Jennifer has a linky up at (in)courage today where we’re welcome to share what we’re creating in our homes or studios. I’ve intended to post a tutorial on how to create a simple textured background like the new one I’ve added for spring here on the blog, so this seems like the perfect time to do it.

Here’s an enlarged version, in case you can’t see it well on your monitor:


Background Tiled

I thought I’d walk you thorough a bit of the design process, in case you’re looking to spruce up your blog for spring. It doesn’t take a huge amount of change: I changed my background image, and updated the flower color in my blog header.

If you’re updating your color scheme, Kuler is a great place to find ideas and color swatches (find out how to download and import them into Photoshop here). I like to create sets of color swatch for my blog or any other design color scheme I want to keep (find out how here).

My current inspiration came from the Hello Bar website. You have to be logged in to see much of the blue, but I simplified things and just kept the blue that was already in my header.

Add Noise

Add Noise

First, I created a new 200px x 200px blank document in Photoshop—big enough to see, but not too big—and filled it with yellow. An exact duplicate of that layer was made by clicking Command J on my Mac (probably Control J on a PC). (I wanted to add texture to a new, separate layer that I could just delete if I messed up.)

Next chose Filter>Noise>Add Noise from the menu bar and select a fairly low number. Mine was 9.5% with the “Uniform” checked under the Distribution heading.

Just adding noise isn’t very exciting. We want to do something with that noise. Go back to the menu bar and choose Filter>Brush Strokes>Crosshatch. I like my settings subtle, so from the menu on the upper right I chose Stroke Length: 9, Sharpness: 1, Strength: 1.

I brought in the flower branch element of my blog header—ultimately deleting the branch layer and leaving just the flowers—and then cropped it closer at 100px x 100px.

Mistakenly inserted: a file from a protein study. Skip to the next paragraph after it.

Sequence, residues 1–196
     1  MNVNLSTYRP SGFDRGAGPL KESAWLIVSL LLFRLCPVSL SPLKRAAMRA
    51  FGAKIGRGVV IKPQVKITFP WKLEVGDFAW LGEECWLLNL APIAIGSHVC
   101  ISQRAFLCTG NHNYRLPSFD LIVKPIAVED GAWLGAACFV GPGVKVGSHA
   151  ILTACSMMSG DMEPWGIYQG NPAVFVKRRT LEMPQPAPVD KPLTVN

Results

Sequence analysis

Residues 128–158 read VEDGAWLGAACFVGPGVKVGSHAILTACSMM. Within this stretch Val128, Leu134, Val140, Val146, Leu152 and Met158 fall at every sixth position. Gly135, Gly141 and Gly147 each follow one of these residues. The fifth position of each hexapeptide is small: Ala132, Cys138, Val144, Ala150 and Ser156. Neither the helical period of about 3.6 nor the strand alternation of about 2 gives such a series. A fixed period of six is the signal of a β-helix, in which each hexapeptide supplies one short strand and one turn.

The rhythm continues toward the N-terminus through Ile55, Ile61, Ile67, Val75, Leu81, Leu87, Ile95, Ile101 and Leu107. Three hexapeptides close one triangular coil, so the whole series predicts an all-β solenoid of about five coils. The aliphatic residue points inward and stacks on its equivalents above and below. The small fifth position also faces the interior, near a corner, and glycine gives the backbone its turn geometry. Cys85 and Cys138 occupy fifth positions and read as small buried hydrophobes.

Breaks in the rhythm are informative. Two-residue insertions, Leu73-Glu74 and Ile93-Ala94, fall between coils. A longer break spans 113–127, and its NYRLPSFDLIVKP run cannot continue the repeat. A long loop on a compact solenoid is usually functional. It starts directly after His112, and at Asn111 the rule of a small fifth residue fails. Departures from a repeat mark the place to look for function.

Less is always more when it comes to sizing background images for tiling on a blog.

Final Background

Final Background

I like to preview how an image will look tiled before actually uploading it to my blog. Photoshop’s Offset Filter (Filter>Other>Offset) can be used to tile seamlessly, but I wasn’t worried about perfect this time and didn’t use it. I just wanted some texture, a parchment or fabric look.

From the menu, choose Edit>Define Pattern. You can either name it or not when the Pattern Name dialogue box appears. Now make a blank document that’s large enough to preview your background image tiled. I made one 500px x 500px.

Background LayerAt first you won’t be able to edit the Background layer. See the little lock symbol? Just double click the word Background and click “OK” in the New Layer dialogue box that appears. Now it will say “Layer 0” instead of Background.

Layer StyuleClick the “fx” button at the bottom (it will say “add a layer style” when you hover over it) and choose “Pattern Overlay” (this is why you defined the background image you created earlier as a pattern).

Click the Pattern dropdown menu and scroll to the bottom, where you’ll find the new pattern you created. Click it to fill your blank document with a tiled version of your new background, which you saved as a pattern earlier.

Pattern Overlay

Pattern Overlay in Photoshop

If you like the way it looks, you’re good to go! Tile the small image you created as your blog’s background (don’t save and tile this larger image you’ve just created—smaller is better for tiling). If you don’t like the way it looks, delete or hide this layer and try it again.

I hope this was clear enough to follow. It’s fun to freshen your look sometimes for holidays or seasons. Visit (in)courage to see other creative sneak peeks shared in the linky at the bottom of the post.

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